There’s A Reason We Can’t Remember Certain Days Of The Week

Alain Saint-Dic
Alain Saint-Dic, Health and Fitness Editor at 20something, brings over nine years of experience in the health and fitness industry. Though he studied pre-law, his love for the human body, it's adaptive ability and unlocking the largely untapped potential of human beings led him to pursue a passionate career in health, fitness, and athletics.

“Toniiiiiight, we are young!” It’s Friday! Time to smack the stack of folders off your desk and walk away without looking back. But realistically going back to pick the folders up because two days after Friday is the dreaded Monday.

And on Monday, we are old and slow. Though only two days apart in the calendar week, these two days are polar opposites. One elicits feelings of happiness and freedom, while the other brings dread, fatigue, and stress. However, at the end of it all, at least these weekdays are memorable.

On any given Monday or Friday, you’re aware of what day of the week it is, but Tuesday, Wednesday, and Thursday might as well be named Michelle, Kelly, and that other fourth member of the group. Most of us have been caught midweek, struggling to remember whether we just missed a scheduled Tuesday meeting, or if the post-work happy hour is tomorrow or the day after. It turns out, there’s a scientific reason we can’t remember certain days.


The Study

Psychologists from three universities (Lincoln, York and Hertfordshire) conducted an experiment to test how we thought of each day of the week, and what this had to do with how we viewed time. For example, Wednesday is humpday, which either means the week is almost done or we’re hopefully going to have some fun with Netflix and a bottle of wine.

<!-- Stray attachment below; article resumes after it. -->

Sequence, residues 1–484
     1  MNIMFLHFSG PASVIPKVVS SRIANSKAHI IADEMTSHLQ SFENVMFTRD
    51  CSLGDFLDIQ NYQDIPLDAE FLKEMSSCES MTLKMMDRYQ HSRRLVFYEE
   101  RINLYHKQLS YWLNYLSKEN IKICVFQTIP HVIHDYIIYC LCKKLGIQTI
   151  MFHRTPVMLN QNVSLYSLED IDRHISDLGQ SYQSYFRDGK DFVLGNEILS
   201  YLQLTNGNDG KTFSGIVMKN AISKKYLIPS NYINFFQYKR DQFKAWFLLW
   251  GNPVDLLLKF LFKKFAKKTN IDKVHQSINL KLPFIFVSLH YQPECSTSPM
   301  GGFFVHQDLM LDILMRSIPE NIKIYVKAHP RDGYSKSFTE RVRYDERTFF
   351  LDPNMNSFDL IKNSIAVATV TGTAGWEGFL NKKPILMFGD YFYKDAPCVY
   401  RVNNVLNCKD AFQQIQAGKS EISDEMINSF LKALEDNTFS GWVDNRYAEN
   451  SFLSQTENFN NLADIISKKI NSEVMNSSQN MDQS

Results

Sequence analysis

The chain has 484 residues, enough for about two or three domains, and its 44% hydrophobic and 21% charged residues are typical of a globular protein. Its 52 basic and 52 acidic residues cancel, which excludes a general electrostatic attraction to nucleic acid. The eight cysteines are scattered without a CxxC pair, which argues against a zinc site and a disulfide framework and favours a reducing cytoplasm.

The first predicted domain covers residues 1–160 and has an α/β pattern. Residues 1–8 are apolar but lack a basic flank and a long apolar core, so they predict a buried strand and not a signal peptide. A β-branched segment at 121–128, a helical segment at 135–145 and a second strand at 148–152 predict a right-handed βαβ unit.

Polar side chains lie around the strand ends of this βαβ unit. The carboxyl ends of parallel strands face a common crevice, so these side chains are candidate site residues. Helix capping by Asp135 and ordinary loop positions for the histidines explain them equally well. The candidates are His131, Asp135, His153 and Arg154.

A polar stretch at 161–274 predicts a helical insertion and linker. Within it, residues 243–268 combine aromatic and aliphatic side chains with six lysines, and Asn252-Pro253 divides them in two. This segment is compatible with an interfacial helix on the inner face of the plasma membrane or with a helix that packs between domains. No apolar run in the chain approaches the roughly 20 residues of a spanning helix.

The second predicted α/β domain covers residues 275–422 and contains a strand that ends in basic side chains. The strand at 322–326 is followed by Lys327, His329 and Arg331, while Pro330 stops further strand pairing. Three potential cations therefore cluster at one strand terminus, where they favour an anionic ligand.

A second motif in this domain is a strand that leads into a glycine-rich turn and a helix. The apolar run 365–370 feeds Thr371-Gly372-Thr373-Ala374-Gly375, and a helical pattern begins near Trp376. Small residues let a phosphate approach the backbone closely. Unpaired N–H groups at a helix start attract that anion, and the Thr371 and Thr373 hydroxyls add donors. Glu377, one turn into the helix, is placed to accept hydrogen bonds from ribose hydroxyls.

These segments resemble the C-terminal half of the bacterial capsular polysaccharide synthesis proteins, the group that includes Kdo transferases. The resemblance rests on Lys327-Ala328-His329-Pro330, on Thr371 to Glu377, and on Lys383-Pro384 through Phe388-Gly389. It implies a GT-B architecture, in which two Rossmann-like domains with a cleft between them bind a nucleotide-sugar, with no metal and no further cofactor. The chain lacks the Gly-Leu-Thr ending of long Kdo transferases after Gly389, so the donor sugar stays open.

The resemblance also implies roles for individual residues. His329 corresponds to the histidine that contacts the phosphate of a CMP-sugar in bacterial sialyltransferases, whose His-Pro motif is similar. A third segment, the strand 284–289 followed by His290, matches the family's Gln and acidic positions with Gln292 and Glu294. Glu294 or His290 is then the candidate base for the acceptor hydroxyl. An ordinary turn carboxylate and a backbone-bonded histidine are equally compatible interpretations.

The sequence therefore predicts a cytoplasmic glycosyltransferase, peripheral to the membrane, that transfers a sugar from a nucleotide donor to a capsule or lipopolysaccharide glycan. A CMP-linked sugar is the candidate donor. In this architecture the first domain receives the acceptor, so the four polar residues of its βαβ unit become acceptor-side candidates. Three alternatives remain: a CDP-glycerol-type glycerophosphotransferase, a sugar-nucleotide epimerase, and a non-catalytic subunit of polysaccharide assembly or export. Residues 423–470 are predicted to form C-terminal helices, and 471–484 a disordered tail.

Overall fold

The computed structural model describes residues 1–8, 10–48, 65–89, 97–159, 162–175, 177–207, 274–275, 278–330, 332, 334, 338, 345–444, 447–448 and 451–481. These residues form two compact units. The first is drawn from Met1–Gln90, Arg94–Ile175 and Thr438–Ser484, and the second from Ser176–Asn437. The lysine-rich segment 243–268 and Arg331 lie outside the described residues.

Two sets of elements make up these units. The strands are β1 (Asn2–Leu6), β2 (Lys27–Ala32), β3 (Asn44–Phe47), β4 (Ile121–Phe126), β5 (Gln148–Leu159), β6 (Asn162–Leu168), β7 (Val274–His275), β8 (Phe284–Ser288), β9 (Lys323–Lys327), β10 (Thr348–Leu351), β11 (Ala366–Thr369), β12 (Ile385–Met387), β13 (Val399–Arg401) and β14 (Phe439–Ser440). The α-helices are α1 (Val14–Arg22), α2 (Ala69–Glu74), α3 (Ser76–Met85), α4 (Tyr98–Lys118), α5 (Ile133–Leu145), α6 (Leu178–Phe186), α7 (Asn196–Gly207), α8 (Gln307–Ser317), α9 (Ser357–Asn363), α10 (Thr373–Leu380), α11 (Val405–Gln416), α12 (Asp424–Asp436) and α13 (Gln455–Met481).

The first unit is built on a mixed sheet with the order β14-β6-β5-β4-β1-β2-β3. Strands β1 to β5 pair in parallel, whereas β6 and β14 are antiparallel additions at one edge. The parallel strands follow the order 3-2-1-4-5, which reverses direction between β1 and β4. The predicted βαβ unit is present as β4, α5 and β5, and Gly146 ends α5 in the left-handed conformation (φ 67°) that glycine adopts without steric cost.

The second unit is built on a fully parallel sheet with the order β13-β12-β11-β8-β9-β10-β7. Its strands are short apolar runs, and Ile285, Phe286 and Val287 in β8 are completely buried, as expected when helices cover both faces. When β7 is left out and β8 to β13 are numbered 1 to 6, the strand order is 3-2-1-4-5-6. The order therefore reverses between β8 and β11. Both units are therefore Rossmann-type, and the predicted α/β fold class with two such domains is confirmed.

These psychologist asked students what they thought of most when each day of the week came to mind. You should actually take a pen and paper and try this at home. Go through the days of the week and write down 2-7 words to describe each one. Feel free to curse and exaggerate.


The Results

It turned out that days like Monday and Friday simply had stronger representations in our minds or stronger associations. Monday had a long list of negative associations, while Friday had a long list of positive associations (check your list, is it accurate?).

The other members of the weekday group didn’t associate too strongly with anything leading to them being easily confused and mixed up for one another.


So when you’re cluelessly going through your entire Wednesday schedule on a Tuesday, it’s not because you’re clueless, it’s because Wednesday hasn’t caused enough pleasure or havoc in your life to be memorable.


What This Mean For Us 20somethings

The interesting thing is that these days don’t really exist. Monday and Friday are either 2 days apart or 3 days apart, depending on how you look at it. But in reality, the week is a social construct, so Monday and Friday don’t really exist. From the day you were born, each day has been legitimately unique, never to be seen again. Instead of calling it Monday, you should call it “day X of sunrise in my life,” and just be grateful that you woke up on that day.

I understand that because we live in a society that revolves around the construct of days and times, we should follow suit if we intend to live in society, by the rules of society. That being said, we can also change how we view the days, by working on attaching positive associations to each and every day, so no matter how full our inboxes may be, every day can feel like “Friday.”

“So lets set the world on fiiiiiiire, we can burn briiiighter, than the suuuun.”

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